The rest of the creative team all made their SO debuts, and the production had its hitches. While Ian William Galloway’s video designs were pleasingly evocative of the forests and palm trees of a paradise island, the constant presence of Matthew Richardson’s stage lights was overwhelming and distracting, especially when the lights were raised and lowered during the action, interfering with the sight lines onstage. Hannah Clark’s shifting chair sets were minimal but seemed to represent the fluctuating relationships between the characters.
The production overall also was problematic in that director Tim Albery had several singers disrobing, at times during some hugely difficult passagework. While this is understandable in the case of Bradamante revealing his/her true gender, it generally was disruptive, and also produced a comical reaction from the audience when it was not necessarily called for. To their credit, the singers handled what was required of them with impressive equanimity. However, Albery did excel when it came to action, moving the characters about the stage with both dramatic energy and deep emotional gestures.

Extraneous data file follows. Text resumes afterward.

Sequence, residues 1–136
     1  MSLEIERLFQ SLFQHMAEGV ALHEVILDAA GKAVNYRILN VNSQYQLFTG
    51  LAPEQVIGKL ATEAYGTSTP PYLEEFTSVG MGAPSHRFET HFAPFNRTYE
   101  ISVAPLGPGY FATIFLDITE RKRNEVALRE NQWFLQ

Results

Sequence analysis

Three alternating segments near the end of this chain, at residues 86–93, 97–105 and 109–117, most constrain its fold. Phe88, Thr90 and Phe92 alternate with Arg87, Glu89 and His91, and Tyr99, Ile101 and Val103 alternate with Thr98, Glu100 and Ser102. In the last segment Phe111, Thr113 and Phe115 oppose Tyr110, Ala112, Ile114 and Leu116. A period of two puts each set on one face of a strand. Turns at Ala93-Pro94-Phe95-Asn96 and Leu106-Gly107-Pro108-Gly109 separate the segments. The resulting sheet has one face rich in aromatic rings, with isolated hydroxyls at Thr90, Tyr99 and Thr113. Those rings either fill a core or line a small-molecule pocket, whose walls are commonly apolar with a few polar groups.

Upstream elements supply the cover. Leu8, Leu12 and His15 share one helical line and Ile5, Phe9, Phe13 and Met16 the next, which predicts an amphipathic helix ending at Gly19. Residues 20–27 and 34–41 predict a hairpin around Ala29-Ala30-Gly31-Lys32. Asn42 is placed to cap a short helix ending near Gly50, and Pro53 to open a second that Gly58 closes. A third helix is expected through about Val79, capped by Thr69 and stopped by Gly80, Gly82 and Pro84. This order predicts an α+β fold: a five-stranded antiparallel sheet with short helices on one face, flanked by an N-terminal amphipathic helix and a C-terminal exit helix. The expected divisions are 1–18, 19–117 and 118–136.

|Vanessa Goikoetxea, Randall Scotting
Some very unique and key props included a gleaming, beautifully detailed sword, Alcina’s intricately carved snake cane/staff and matching gold snake-carved compact and lipstick, which added to her powerful sorceress effects, and an enchanted ring.
|Vanessa Goikoetxea, Nina Yoshida Nelsen, John Marzano
It was unclear whether an imposing, multipurpose bear rug was one of Alcina’s unfortunate beings turned into a wild beast or symbolic of her more animalistic instincts. In either case, it grabbed the attention.
On the whole, Alcina made a positive impression. It’s worth going to see for the glorious music and courageous, proficient singing. Handel lives.
Photo credits: Sunny Martini, Philip Newton
Erica can be reached at: [email protected]